There’s been a good bit of chatter about being an OLD writer over at Writer Unboxed this past week — first Juliet Marillier’s post, and then another by Keith Cronin. Age is something I have trouble not thinking about.
I married when I was in the second half of my 30’s. We wanted kids, and at that point I had been steeped in articles about the troubles of getting pregnant after 35, so we got to work posthaste.
Miraculously, or so it seemed, I got pregnant about 20 minutes after our wedding. But when I went to the OBGyn for confirmation, I learned that my pregnancy was not just a pregnancy — it was AN AMA PREGNANCY. AMA stands for Advanced Maternal Age, and the label overshadowed the subsequent 7 or 8 months in ways that repeatedly drove home the fact that I was old. Nevermind that up until that point in my life, I had never really been ready to become a mom.
My first daughter arrived and, in my new role as “mother”, I developed the unfortunate habit of doing mental math whenever I met or read women who were — or were writing about — mothering. Finding other “old” moms always elicited a satisfied, little, internal sigh. And coming across women who’d done it even later than me became cause for a secret, private party in the less-moored parts of my psyche.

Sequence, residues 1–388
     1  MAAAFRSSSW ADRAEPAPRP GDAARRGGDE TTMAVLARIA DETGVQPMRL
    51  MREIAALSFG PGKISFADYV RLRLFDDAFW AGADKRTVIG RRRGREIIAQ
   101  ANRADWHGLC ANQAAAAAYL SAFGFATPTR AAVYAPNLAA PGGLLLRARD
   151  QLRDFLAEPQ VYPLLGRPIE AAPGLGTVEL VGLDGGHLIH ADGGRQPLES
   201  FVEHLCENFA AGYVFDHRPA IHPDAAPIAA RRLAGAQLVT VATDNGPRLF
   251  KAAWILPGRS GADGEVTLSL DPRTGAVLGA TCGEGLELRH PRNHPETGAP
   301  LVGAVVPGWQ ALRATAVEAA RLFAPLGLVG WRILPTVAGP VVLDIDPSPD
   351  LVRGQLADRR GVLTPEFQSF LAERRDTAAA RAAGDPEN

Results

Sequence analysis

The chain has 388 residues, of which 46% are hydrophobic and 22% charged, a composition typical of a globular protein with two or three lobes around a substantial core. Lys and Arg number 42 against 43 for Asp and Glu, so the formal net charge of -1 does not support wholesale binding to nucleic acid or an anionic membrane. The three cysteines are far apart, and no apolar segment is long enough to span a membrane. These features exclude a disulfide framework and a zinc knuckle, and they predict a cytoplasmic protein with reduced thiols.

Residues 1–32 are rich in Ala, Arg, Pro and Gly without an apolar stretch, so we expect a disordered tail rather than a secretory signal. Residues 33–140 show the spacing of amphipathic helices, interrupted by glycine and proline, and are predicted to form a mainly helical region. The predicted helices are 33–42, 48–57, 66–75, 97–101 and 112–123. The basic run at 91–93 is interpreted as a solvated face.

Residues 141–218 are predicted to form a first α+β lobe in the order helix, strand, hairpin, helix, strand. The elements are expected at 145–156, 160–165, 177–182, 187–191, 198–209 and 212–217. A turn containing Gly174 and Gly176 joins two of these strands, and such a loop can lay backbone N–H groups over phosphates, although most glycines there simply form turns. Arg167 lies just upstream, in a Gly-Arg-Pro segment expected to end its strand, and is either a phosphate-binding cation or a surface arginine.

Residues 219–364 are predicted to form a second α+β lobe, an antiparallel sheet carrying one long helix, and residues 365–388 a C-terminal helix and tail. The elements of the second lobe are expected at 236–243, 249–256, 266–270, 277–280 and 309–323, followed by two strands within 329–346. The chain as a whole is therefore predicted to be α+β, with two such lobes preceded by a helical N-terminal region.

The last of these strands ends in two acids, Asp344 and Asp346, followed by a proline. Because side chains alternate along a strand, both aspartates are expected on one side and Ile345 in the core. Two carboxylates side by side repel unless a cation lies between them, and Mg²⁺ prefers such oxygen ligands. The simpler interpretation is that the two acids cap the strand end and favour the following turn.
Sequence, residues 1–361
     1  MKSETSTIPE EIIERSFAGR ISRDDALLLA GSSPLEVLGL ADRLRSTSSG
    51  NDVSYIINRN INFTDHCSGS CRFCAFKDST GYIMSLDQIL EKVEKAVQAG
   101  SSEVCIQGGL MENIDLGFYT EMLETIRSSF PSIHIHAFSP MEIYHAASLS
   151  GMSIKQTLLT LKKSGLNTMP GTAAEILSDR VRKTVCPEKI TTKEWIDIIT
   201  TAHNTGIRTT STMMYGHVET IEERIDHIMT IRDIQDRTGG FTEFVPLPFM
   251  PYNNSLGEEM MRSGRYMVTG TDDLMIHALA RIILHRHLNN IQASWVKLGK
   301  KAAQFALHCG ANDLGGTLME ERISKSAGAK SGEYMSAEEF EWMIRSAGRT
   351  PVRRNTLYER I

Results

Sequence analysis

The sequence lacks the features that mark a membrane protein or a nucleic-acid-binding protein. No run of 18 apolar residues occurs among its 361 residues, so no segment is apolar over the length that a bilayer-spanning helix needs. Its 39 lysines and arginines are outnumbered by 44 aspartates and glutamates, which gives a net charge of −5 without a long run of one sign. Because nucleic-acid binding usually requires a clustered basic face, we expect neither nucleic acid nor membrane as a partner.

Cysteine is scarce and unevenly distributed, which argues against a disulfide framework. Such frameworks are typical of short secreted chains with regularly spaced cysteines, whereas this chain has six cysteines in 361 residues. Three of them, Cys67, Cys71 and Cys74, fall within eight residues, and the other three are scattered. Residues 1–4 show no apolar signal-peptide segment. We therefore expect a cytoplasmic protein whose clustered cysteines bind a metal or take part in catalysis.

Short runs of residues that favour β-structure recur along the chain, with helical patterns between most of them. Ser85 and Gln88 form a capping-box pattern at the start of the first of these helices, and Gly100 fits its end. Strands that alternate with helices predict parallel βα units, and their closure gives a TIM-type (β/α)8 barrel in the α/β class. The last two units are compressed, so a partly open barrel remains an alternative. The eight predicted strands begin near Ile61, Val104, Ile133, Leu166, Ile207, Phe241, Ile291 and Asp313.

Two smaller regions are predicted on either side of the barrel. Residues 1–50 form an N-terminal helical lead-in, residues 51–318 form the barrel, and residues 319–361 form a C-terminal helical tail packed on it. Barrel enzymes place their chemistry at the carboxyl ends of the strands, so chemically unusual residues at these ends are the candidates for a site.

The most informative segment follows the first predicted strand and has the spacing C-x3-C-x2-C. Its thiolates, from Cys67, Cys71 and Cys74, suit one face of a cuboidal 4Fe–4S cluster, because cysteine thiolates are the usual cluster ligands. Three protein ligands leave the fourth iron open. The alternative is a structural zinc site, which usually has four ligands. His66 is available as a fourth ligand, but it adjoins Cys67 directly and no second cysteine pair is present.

In my mid 40’s, I shifted my work-focus away from landscape architecture and over to writing children’s books, in the process gaining a whole new outlet for my age-comparing habit: I could now apply my math skills to the book-birthing age of authors as well.
I’ve thought about this age thing a lot (not that I’ve stopped doing the math, of course). The thing is: I tried my hand at writing children’s books in my (childless) 20’s too. But back then the business of ‘embracing fear’ was relegated to physical activities like white water kayaking, or bike commuting in the then-less-bike-friendly City of New York. I didn’t have the emotional or psychological wherewithal to commit and struggle and fail in more personal ways.
My writing practice, now, seems to have an openness — and also a level of self-awareness and self-critique — that I really don’t think I could’ve mustered up back then. Physical challenges were doable, but jumping in and writing every day over the long haul, with no promise of recognition or success, was beyond me.
Related to this, too, I don’t think I would have approached character in a way that would’ve gotten me very far. I was more prone to judging and criticizing myself and others, and less inclined to empathize. If you’re going to try to write relatable, full-bodied characters you need some understanding and compassion — for others and for yourself. Some of this has come with age and living, and some evolves simply by writing.
I’m nearing 50 now, and I sold my first picture book last year. More importantly, though, I write every day. My writing practice and the interactions I have within my various real-time and on-line writing communities help me grow and bring me joy that I’m pretty sure I couldn’t’ve found and wouldn’t’ve been open to when I was younger. I may be older than some — or even most — people newly trying to write for kids, but at least I am ready. And despite all my mental math, I’m thinking that readiness probably trumps youth.